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Edinburgh Fringe 2011

Dance Marathon

Genre: Musical Theatre




Low Down

The most fun I’ve had with my red shoes on. present an evening’s entertainment based on the dance marathons of the Depression. The audience are the show, you’re there to dance and to dance for four hours at that. 


Dancing all night? The audience is the show? I couldn’t wait. Well, until an hour or so before the show that is, sat in the Traverse bar with snazzy red shoes, friends and serious jitters.

Dance Marathon is inspired by the dance marathon endurance competitions of the Depression (remember, ‘They Shoot Horses, Don’t They?’) where contestants danced the till they dropped desperate to win a way out for themselves. In Toronto based’s version, we are the contestants right from the pre-registration process, getting our numbered bibs, finding our dancing partner for the night, the dancing the night away for hours to the moment when the couple is presented with their trophy.

There aren’t many rules: the most important is that your feet must keep moving at all times. From the off, partners seize each other up, initially there for an evening out but competitive streaks emerging as endorphins get going. The music is cheesy, very cheesy (think all that music that you feel your feet tapping to but are too cool to dance to). There’s everything from Michael Jackson to the Gay Gordons and much more in between. Who’d have thought we’d find ourselves gesticulating wildly in the manner of YMCA in a whole room full of strangers?

And that’s the charm of it, that this skilled bunch of performers can engage us so thoroughly and effectively that participants are willing to take on exit interviews in the style of Big Brother, showcase dancing and even attempt some impossible dance routine called the Madison. There’s our MC for the night dressed like a circus master, lacking only a whip to crack, but who’d dare cross her anyway? Then there’s a roller-skating ref whose life’s dream is to go to Hawaii and a glamorous glittering chanteuse. Add to this a talented team of musicians and a DJ and decks and the night is sorted.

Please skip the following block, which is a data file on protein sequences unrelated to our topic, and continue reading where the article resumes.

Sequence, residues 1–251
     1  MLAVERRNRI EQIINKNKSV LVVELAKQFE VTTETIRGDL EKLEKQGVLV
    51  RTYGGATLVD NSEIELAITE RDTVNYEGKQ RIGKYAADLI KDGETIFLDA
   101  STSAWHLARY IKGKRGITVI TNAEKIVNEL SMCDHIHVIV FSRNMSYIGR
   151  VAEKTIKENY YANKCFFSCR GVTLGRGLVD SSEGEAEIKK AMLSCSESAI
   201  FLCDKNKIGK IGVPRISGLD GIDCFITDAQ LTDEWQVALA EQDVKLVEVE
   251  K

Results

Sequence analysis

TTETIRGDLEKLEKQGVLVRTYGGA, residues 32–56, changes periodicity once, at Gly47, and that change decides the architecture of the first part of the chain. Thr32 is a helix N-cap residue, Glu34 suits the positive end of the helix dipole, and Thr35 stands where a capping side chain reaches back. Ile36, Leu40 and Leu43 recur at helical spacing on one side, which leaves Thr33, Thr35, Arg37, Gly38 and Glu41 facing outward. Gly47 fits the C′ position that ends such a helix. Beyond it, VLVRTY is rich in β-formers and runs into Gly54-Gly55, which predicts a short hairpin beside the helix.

Where it becomes a little unstuck is where it tries to be more than this: more than the thoroughly fun immersive experience that it is and more than what we read into it ourselves. There’s some superficially ‘deep and meaningful’ poetry and spoken interludes that don’t add much to the evening. And in the well timed breaks there are some choreographed pieces that don’t really come up to scratch by some of the better dancers in the audience who it turns out were plants all along (and are also local dancers who’ve only had a week to rehearse).

While it seems that the concept of resurrecting the dance marathon is very much one for our times in this renewed age of austerity, this glibly drawn comparison is where it falls down. This Dance Marathon is about fun and about the experience, not about desperate poverty and dancing till your feet bleed simply to find a way out of poverty. But leaving this aside, there is so much else about this concept that works: the audience as the show (a theme of several shows in this festival), the game of chance, the spaces in between, and about us as individuals and as part of a crowd.

As participants we’re more active in this theatrical experience than in most, and so we have the time both to engage and to reflect. The spaces in between the spectacle give us pause for thought. The dancing mirrors life in its randomness, going along quite well and then suddenly being pulled up for no apparent reason, someone being picked out above another, one person’s joy being another’s loss. And for another participant, probably a totally different set of musings or even none at all.

Oh, and for the record I didn’t win (reader, I was cheated), but I had fun dancing – and that frankly is the point of the night.